published Saturday, July 5th, 2014

Lamar Alexander's energy policy influence poised to grow

Texas gas earnings

Wealth disclosures filed by U.S. Sen. Lamar Alexander list several real estate holdings in Victoria, Texas, held by his wife through partnerships. According to records maintained by the Texas Railroad Commission, two of those properties have produced natural gas in recent years.

One set of wells produced more than 427 million cubic feet between 2001 and 2005. Another well that remains active has produced nearly 734 million cubic feet since 2007.

Alexander's office says earnings from the wells has been small. The Alexanders took in $3,103 in oil and gas royalties in 2013 and $2,045 in 2012.

NASHVILLE — A year ago, just as he was beginning his bid for a third term, U.S. Sen. Lamar Alexander stood before an audience at Oak Ridge National Laboratory to deliver the keynote address at a summit called "Securing America's Future."

A "big part" of the answer, the Republican senator said, would be natural gas.

"The United States ... has pursued a different track, the most conspicuous example of which is finding gas and oil by unconventional means," he said. "This has created for our country a remarkable phenomenon: a large amount of cheap, clean energy."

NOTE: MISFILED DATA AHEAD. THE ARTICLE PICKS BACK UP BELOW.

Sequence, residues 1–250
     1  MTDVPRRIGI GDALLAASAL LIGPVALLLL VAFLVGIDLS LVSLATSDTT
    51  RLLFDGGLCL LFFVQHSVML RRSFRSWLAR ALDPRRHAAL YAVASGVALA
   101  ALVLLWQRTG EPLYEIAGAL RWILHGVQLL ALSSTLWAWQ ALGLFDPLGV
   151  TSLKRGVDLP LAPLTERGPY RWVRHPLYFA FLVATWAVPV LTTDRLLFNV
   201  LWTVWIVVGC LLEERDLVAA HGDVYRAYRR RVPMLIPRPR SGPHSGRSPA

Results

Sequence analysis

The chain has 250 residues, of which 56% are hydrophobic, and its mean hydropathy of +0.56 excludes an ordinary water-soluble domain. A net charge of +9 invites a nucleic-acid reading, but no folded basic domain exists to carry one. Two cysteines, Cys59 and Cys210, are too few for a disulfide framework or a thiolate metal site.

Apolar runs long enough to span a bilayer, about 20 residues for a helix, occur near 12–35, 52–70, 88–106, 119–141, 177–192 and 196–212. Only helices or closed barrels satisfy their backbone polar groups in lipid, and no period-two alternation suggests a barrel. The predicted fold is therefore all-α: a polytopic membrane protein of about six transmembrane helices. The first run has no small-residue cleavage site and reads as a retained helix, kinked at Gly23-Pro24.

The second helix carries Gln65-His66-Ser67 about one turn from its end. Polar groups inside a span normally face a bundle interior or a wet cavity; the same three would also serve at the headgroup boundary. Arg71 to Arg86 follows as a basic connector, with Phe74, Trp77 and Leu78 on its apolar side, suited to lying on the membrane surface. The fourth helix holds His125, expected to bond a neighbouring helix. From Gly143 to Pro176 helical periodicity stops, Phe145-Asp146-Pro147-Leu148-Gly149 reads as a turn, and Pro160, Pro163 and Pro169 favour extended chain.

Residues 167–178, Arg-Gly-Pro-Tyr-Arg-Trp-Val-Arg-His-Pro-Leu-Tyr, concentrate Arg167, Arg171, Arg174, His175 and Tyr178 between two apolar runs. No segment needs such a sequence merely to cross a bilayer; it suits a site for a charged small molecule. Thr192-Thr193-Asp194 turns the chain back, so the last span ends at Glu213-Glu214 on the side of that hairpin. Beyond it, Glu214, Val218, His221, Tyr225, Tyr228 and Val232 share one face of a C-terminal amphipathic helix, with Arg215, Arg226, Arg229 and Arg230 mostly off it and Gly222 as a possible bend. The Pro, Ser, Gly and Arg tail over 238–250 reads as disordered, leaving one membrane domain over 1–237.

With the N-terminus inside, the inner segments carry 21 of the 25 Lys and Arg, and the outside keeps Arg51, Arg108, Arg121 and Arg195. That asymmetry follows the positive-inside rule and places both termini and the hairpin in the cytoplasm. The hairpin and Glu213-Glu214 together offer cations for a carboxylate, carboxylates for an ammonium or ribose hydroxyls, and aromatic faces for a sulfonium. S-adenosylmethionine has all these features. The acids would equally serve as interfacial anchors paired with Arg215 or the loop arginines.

What Alexander says he didn't know at the time was that 900 miles away, on the outskirts of a South Texas town, he and his wife were benefiting in a small way from the very phenomenon he touted.

Last year, the Alexanders took in $3,103 in oil and gas royalties through their stake in a family partnership, and records in Texas and Washington, D.C., show the senator and his wife have been collecting similar amounts of natural gas revenue for years.

By Texas standards, their earnings do not amount to much. They also amount to little more than a rounding error for a couple with a personal wealth of at least $9.3 million.

But they could be poised to grow along with natural gas production. And Alexander, who could become one of the nation's most influential lawmakers on energy policy next year, has made it clear that one of his goals is to spur more natural gas production.

"Natural gas will be a big part of where we get our clean energy," he said.

Influence growing

Alexander has a long history of speaking up about energy policy. Five years before his Oak Ridge speech, Alexander delivered a similar address in which he talked about the need to encourage technologies -- such as electric cars, biofuels and green buildings -- that will reduce the United States' reliance on oil.

He also has been a consistent skeptic of wind energy and a fierce advocate for nuclear -- as might be expected of someone representing a state that's the home of both Oak Ridge and the Tennessee Valley Authority.

His thoughts could take on added importance after November. If he wins re-election and if Republicans retake the Senate, two scenarios many political observers see as likely, Alexander would become the chairman of the Energy and Water Subcommittee of the Senate Appropriations Committee, a position from which he could steer government policy on energy.

Alexander says he would use the position to cut subsidies to mature industries -- such as wind and oil -- and encourage research in other sectors.